Villagers in northern New Mexico refer to the south-facing side of a wall as la resolana, meaning “the place where the sun shines.” Every culture has a resolana, a place where the resolaneros—the villagers—gather, dialogue, and reflect on society, culture, and politics. The buried knowledge that emerges from this process may be “pure gold,” or el oro del barrio, a metaphor for the culturally contextualized knowledge gathered at the resolana.
Coming from diverse backgrounds in social work, sociology, public administration, literature, history, and education, three modern resolaneros take the twin concepts of resolana and el oro del barrio on a breathtaking journey from their rural roots to their application in an urban setting and on to a holistic view of globalization. The authors offer a humane perspective on transborder cultures and all communities struggling to maintain their cultural and linguistic identities. They share an optimistic view of how ordinary people everywhere can take back control of their own destinies. This book is about uncovering subjugated knowledge—el oro del barrio—through resolana, a dynamic process of thought and action.
Resolana will inspire dialogue and creativity from those interested in sociology, political science, social work, and Chicano studies, as well as public-policy makers and the general public.
As members of various and often conflicting communities, how do we reconcile what we have come to understand as our human rights with our responsibilities toward one another? With the bright thread of individualism woven through the American psyche, where can our sense of duty toward others be found? What has happened to our love—even our concern—for our neighbor?
In this revised edition of his magisterial exploration of these critical questions, renowned ethicist Arthur Dyck revisits and profoundly hones his call for the moral bonds of community. In all areas of contemporary life, be it in business, politics, health care, religion—and even in family relationships—the "right" of individuals to consider themselves first has taken precedence over our responsibilities toward others. Dyck contends that we must recast the language of rights to take into account our once natural obligations to all the communities of which we are a part.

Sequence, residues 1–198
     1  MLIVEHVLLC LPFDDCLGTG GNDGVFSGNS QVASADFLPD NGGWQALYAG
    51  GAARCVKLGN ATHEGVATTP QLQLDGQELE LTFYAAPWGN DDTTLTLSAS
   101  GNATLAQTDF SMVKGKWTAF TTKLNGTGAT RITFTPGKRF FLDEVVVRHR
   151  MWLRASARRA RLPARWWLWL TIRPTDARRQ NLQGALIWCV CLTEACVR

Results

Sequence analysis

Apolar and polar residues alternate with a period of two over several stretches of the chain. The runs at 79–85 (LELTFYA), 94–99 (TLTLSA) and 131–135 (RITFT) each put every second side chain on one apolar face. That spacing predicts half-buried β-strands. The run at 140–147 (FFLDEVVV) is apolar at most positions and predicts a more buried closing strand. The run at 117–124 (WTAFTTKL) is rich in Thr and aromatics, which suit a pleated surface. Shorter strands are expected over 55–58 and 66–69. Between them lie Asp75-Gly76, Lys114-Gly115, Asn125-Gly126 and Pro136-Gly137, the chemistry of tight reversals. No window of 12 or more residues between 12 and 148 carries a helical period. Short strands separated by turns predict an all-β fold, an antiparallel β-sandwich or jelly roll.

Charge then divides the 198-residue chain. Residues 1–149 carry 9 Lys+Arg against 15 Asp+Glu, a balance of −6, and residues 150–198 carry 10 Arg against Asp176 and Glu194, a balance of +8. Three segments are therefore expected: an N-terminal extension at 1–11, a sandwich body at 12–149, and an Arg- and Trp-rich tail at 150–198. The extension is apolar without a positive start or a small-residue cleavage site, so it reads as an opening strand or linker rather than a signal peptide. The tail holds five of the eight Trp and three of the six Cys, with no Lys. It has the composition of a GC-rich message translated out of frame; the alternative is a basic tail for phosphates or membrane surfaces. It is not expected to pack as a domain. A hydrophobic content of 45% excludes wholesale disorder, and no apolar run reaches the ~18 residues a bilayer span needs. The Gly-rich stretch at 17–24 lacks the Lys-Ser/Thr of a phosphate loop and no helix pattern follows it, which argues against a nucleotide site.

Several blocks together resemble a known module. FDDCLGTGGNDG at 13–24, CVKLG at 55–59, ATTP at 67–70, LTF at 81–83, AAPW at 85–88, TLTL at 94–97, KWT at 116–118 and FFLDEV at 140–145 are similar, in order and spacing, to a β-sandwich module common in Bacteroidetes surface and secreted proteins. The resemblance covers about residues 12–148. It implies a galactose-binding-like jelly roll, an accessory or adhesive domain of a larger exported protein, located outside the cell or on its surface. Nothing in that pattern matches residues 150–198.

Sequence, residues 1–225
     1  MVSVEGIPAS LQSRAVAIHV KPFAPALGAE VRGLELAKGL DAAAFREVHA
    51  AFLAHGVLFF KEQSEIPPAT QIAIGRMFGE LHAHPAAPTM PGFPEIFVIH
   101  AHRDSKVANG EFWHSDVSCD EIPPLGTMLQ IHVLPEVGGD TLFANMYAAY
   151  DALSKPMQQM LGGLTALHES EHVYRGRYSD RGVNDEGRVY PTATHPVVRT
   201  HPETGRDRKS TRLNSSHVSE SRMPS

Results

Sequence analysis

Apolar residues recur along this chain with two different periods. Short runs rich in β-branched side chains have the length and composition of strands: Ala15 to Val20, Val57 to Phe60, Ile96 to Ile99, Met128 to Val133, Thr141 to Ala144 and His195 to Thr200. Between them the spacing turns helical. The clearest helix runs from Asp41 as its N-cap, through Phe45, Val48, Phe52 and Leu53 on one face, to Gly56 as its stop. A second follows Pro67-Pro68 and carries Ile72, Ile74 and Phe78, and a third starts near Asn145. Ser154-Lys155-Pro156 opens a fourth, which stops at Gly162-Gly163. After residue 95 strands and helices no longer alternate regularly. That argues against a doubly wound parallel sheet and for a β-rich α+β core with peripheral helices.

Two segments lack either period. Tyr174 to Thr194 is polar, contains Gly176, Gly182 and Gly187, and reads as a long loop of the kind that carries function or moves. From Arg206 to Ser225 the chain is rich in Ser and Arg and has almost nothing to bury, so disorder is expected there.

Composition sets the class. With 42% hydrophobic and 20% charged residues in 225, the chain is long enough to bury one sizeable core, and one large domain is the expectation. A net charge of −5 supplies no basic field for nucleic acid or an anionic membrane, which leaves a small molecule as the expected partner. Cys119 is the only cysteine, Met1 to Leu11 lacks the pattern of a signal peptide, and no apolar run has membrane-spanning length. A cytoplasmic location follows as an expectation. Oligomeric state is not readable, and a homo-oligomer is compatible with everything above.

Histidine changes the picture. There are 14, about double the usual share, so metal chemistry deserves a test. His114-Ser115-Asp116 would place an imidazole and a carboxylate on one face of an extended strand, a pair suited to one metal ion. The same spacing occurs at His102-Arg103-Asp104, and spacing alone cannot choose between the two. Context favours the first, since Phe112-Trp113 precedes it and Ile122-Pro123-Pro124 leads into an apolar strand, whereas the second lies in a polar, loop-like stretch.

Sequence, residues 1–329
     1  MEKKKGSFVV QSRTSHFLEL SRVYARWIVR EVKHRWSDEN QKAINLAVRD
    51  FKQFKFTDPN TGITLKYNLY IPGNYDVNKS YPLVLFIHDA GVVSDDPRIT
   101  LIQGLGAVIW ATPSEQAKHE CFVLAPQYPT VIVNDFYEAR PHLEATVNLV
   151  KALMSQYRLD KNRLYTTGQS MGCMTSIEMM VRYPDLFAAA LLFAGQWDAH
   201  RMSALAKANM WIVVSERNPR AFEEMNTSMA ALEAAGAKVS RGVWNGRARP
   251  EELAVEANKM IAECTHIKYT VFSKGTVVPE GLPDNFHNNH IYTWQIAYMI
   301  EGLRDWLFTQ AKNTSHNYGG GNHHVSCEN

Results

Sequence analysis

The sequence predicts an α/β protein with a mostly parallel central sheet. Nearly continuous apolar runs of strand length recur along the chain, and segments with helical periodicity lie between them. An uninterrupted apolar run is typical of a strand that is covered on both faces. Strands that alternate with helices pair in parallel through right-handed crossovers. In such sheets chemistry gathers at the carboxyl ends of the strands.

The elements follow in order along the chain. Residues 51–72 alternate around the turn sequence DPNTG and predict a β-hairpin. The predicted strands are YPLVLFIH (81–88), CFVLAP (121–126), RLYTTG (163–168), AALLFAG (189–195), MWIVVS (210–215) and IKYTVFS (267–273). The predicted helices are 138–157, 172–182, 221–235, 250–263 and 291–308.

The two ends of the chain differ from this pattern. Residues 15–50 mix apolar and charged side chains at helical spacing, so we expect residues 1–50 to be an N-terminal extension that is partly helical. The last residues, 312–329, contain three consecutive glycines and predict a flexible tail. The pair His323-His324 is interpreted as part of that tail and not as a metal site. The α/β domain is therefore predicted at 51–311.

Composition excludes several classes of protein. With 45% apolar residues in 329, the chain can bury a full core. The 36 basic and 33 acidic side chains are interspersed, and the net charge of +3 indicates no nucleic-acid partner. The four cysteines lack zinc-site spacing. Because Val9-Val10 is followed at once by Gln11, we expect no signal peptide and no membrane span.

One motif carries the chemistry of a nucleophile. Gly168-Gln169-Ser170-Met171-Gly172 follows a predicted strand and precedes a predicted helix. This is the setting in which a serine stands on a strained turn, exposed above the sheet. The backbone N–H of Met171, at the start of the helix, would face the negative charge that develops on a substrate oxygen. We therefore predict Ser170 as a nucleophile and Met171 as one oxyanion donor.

Rethinking Rights and Responsibilities, at the nexus of ethics, political theory, public policy, and law, traces how the peculiarly American formulations of the rights of the individual have assaulted our connections with, and responsibilities for, those around us. Dyck critically examines contemporary society and the relationship between responsibilities and rights, particularly as they are expressed in medicine and health care, to maintain that while indeed rights and responsibilities form the moral bonds of community, we must begin with the rudimentary task of taking better care of one another.
Reveries of Community reconsiders the role of epic poetry during the French Wars of Religion, the series of wars between Catholics and Protestants that dominated France between 1562 and 1598. Critics have often viewed French epic poetry as a casualty of these wars, arguing that the few epics France produced during this conflict failed in power and influence compared to those of France’s neighbors, such as Italy’s Orlando Furioso, England’s Faerie Queene, and Portugal’s Os Lusíadas. Katherine S. Maynard argues instead that the wars did not hinder epic poetry, but rather French poets responded to the crisis by using epic poetry to reimagine France’s present and future.
Traditionally united by une foi, une loi, un roi (one faith, one law, one king), France under Henri IV was cleaved into warring factions of Catholics and Huguenots. The country suffered episodes of bloodshed such as the St. Bartholomew’s Day Massacre, even as attempts were made to attenuate the violence through frequent edicts, including those of St. Germain (1570) and Nantes (1598). Maynard examines the rich and often dismissed body work written during these bloody decades: Pierre de Ronsard’s Franciade, Guillaume Salluste Du Bartas’s La Judit and La Sepmaine, Sébastian Garnier’s La Henriade, Agrippa d’Aubigné’s Les Tragiques, and others. She traces how French poets, taking classics such as Virgil’s Aeneid and Homer’s Iliad as their models, reimagined possibilities for French reconciliation and unity.